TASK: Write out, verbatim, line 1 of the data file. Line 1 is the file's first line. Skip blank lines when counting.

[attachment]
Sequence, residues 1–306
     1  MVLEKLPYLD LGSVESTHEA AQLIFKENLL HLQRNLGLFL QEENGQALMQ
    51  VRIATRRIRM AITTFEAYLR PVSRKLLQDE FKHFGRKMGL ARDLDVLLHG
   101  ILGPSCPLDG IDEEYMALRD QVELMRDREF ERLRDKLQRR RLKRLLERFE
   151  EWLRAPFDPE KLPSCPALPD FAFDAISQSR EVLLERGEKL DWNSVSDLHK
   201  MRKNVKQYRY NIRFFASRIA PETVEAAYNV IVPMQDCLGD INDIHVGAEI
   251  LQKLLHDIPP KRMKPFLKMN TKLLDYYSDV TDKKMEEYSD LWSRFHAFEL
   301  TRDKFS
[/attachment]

Sequence, residues 1–306